historic-pungs-exterior-1Originally a part of the Ferry Seed Company, East Ferry Avenue was developed in the late 1800s into an upper-class neighborhood. The lots were originally sold subject to building restrictions and the district developed with a variety of architectural styles popular in the late 1800s. In the mid-1910s to the 1920s the population became predominately Jewish. Three synagogues and a Jewish school were built in the neighborhood during this period. By the mid-1930s the area again experienced a population shift towards notable black residents who established health institutions, businesses and educational facilities for use by the black population.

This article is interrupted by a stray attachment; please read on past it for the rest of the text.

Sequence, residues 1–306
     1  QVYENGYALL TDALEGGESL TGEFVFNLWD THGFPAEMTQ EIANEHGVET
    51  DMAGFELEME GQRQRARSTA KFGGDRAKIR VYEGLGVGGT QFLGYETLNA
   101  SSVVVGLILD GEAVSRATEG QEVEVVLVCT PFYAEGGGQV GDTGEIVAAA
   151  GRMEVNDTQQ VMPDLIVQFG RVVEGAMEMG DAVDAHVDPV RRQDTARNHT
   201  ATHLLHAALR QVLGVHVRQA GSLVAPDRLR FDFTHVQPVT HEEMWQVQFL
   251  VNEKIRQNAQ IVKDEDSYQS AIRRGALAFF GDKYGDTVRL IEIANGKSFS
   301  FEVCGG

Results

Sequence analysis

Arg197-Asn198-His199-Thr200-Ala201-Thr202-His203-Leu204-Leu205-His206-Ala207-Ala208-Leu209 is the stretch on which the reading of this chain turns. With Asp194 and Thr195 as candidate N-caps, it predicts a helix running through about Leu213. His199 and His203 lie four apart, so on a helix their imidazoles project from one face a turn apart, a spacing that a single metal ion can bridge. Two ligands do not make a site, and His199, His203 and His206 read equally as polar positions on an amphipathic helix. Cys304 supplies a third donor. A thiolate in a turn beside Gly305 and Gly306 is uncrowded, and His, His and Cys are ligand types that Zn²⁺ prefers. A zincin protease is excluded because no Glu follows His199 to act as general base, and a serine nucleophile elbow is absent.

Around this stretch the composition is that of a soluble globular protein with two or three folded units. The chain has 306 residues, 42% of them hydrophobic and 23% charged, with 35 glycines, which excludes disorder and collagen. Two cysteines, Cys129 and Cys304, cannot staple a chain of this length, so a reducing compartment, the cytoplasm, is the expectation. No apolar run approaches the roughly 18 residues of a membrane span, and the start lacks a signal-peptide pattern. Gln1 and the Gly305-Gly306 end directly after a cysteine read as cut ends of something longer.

The six historic buildings that are a part of The Inn On Ferry Street were all purchased by the Merrill-Palmer Institute, an educational institution nationally known for its pioneering work in the fields of child development and family life. Eventually the homes collectively came under ownership by the Detroit Institute of Arts in the 1970s and remained so until the renovation of the buildings began in February 2000 for The Inn On Ferry Street.